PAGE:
Local landlords are facing a rent crisis after a sudden drop in the number of students attending Kingston University this year.The University has revealed that “there are between 600 and 800 students less in undergraduate and graduate programs”.
A letting agent in the Surbiton area said: “There is a notable drop in the inquiries. Last year the demand was massive but now it seems less. We are lucky because only a small portion of our business, approximately 20 per cent, is based on rents. We managed to create a wide portfolio of clients to support losses in the rent sector, but I heard that many other companies are having some troubles.”
Data posted on Kingston University’s website shows that there has been a constant increase in the number of applications since 2004 at an average rate of approximately 900 students per year until 2010. In the academic year of 2010/2011 and 2011/2012 there has been a major increase in the number of applications; each year approximately 2,500 more students enrolled at Kingston University. The consistent increase in the number of students was extremely profitable for local businesses included letting agencies in Kingston and Surbiton.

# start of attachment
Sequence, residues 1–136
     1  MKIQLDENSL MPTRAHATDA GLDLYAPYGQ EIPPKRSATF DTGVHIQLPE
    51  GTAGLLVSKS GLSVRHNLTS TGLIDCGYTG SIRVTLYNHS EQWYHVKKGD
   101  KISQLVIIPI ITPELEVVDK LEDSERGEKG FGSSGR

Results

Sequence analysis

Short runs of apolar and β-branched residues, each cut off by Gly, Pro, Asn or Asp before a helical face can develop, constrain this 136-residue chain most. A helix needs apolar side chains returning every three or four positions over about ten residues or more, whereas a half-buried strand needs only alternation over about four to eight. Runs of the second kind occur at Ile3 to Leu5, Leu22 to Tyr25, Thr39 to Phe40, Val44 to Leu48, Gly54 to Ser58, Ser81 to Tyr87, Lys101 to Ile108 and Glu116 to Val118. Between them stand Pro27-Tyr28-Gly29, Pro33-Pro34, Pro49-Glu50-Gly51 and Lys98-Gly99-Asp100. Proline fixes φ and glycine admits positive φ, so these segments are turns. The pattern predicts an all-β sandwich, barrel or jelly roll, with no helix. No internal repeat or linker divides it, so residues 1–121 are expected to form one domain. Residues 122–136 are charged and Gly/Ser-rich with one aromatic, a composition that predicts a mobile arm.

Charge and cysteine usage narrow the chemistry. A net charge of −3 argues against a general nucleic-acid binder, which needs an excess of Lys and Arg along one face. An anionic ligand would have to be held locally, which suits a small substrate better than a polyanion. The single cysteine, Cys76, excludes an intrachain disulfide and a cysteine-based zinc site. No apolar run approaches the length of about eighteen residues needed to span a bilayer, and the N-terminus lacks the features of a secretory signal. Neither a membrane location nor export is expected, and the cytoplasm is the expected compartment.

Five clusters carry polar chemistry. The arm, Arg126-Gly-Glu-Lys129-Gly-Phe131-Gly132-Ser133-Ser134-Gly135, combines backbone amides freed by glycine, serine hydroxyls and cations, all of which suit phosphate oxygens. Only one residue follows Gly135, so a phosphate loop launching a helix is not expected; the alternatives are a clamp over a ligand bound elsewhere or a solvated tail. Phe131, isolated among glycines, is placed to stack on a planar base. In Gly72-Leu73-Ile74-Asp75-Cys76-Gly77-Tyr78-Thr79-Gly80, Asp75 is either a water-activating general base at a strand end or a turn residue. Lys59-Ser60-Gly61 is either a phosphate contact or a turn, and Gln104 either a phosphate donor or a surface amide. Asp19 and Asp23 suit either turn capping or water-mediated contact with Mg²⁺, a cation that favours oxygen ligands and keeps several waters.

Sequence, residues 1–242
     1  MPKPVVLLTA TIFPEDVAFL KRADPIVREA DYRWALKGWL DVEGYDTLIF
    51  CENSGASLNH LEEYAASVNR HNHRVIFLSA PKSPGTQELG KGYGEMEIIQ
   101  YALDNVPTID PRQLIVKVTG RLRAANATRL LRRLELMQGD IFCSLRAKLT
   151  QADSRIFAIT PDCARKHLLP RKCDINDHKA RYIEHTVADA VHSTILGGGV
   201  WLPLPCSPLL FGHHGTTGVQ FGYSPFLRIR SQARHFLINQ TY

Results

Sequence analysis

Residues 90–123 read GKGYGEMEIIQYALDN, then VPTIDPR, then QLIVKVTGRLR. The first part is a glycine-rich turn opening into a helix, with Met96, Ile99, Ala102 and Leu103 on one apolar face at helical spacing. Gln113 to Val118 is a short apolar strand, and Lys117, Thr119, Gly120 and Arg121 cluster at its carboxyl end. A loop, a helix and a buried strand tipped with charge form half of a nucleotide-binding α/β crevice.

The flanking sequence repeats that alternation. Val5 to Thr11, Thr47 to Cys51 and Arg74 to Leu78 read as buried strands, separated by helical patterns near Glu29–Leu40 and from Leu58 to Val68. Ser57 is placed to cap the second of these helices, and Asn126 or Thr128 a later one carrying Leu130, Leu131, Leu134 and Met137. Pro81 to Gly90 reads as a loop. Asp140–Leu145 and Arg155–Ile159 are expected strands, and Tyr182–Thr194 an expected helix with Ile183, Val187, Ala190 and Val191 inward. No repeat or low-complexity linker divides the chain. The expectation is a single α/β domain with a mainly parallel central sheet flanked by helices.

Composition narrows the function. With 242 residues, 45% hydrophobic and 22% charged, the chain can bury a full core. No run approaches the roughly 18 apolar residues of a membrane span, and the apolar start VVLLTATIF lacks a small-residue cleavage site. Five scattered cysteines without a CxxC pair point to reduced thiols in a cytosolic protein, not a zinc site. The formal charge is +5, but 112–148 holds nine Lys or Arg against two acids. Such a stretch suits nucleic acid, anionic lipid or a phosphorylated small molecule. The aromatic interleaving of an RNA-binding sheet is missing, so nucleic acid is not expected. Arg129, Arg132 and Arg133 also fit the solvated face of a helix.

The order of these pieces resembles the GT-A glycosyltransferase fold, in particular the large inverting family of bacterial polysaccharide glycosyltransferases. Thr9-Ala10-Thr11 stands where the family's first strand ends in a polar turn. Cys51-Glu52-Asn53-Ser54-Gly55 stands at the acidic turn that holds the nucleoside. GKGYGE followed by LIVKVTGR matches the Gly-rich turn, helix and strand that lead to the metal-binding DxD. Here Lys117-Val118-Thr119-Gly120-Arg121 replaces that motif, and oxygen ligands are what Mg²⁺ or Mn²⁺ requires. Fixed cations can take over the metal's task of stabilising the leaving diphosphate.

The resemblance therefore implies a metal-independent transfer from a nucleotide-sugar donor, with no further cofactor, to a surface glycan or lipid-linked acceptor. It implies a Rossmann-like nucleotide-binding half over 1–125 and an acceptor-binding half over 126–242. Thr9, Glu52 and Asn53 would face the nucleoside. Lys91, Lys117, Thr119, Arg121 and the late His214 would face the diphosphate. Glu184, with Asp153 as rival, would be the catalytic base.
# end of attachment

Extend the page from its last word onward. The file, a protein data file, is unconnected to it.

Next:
A letting agent in Kingston said: “I remember that in the past two years we didn’t have enough rooms for everybody. Kingston University built some dorms but I heard that six of them are now empty. They are new.”
The drop in the number of applications, the first one since 2004, is due to the increase in tuition fees approved by the government in 2010. Universities are now allowed to increase tuition fees to a maximum of £9,000. Kingston University set its tuition fees very close to the maximum allowed.
A let agent in Surbiton says: “Rents didn’t really change. There has been an increase of the 3 per cent this year, but there is a reason. My colleagues and I are considering different type of business solutions because we feel that the rental market is going down. We managed to have a good profit this year, but next year I am sure it is going to be worse.”